November 8, 2006: Perspective
By Jessica Robertson Wright ’99
Jessica Robertson Wright ’99 is a curator at the Jerusalem Fund for Education and Community Development in Washington, D.C.
It never crossed my mind during my undergraduate years in Princeton’s art history department that I would have the job that I do now, and frankly, it is a real conversation killer. I dread Sunday nights the most, when during the meet-and-greet time at the church that my husband and I attend in Washington, D.C., I tell people what I do. My explanation does not quite fit with the usual variations on the theme of “I moved up from the South and am working for Representative/Senator So-and-So.” When the question comes up, I take a deep breath and say, “I work for a Palestinian non-profit organization.” This is usually followed by a head snap from the person asking the question and a narrow-eyed “Hmmm, that’s in-ter-est-ing.”
I know people wonder what a good, Christian, all-American-looking girl is doing joining the ranks of Hamas and Islamic Jihad, and whether an intervention is needed to save my soul. With reactions ranging from bugged-out eyes to shocked silence, I have started tempering my response to the job question by mumbling that I work for a Middle Eastern nonprofit. However, my husband, who loves to rile people up and dismisses my soft-pedaling, usually leans over when he hears me and chimes in with a hearty “It’s a Palestinian organization.” And there the conversation dies.
I work for the Jerusalem Fund for Education and Community Development, a Washington-based organization that was founded in the 1970s by the late Georgetown professor and leading Palestinian intellectual Hisham Sharabi. The Jerusalem Fund is a humanitarian, educational, and cultural organization that strives to relate the Palestinian experience in all its fullness and complexity to a U.S. audience. It was started as a scholarship organization to assist Palestinian students in their quest for higher education. (Incidentally, Palestinians remain the most highly educated people in the Arab world.) The organization’s activities then expanded to include a grants program to assist humanitarian and health organizations in the West Bank, Gaza, and Israel; an educational program that provides analysis of the conflict; and a cultural program that showcases traditional and contemporary Palestinian and Palestinian-American art. While the organization is not affiliated with any political or religious group in the Middle East or United States, its being “Palestinian” — a word often synonymous here with terrorism and extremism — means that my choice to work there is loaded. Its inclusion on my résumé likely will raise some red flags in future job interviews.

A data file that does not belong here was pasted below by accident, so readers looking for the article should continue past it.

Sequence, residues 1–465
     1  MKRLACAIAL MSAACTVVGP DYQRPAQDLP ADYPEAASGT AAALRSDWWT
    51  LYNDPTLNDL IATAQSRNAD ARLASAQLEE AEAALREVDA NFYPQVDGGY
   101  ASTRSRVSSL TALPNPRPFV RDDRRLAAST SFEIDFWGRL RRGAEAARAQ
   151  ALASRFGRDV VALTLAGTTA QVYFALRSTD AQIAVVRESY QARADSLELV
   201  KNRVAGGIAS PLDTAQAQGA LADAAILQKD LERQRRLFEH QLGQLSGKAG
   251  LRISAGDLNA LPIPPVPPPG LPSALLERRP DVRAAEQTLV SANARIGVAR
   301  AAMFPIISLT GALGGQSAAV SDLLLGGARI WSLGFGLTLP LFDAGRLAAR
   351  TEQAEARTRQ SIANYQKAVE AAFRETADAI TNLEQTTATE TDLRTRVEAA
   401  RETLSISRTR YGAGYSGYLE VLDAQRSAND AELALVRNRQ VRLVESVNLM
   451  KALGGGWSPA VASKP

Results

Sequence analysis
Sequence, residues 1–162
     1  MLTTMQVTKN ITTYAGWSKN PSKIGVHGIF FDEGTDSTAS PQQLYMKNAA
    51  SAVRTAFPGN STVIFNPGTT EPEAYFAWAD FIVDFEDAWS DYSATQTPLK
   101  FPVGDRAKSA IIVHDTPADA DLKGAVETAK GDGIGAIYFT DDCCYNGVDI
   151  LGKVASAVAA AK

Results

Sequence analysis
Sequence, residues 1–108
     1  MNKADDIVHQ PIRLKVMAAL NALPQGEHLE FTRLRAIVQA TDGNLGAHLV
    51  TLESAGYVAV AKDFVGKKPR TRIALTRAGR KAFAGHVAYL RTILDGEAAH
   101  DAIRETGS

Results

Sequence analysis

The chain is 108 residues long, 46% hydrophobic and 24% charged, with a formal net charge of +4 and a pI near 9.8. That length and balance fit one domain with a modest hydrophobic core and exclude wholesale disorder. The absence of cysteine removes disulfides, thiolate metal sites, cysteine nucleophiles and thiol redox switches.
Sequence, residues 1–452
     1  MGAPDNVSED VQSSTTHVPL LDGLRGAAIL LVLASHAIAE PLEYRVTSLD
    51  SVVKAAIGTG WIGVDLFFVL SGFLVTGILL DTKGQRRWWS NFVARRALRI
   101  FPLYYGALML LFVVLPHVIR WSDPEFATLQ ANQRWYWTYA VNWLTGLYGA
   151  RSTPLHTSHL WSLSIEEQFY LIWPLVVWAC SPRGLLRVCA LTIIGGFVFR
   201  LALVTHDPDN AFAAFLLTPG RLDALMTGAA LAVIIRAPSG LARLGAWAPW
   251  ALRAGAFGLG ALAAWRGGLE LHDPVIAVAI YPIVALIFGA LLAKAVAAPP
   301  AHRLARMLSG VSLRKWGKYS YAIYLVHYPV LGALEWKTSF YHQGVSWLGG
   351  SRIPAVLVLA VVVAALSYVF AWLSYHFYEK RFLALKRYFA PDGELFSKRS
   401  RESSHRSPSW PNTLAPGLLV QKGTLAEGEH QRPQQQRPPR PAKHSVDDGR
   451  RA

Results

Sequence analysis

So why have I chosen to take this risk? I think about Princeton’s motto “In the nation’s service and in the service of all nations,” and cannot help but see a direct correlation between that important call and what I do now. I am an American who was born and raised in Jordan and educated in Arab schools, where I received a solid education along with a healthy dose of anti-American rhetoric. I never took the latter to heart because I knew that perceptions and realities could be widely divergent. In my travels back to the United States, I often was confronted with either absurd stereotypes (Did I live in a tent and ride a camel to school?) or complete ignorance (“Jordan? What high school is that?”). From a very young age, I could see that there was a broad chasm between the two worlds that I inhabited, one that has only grown more pronounced in recent years.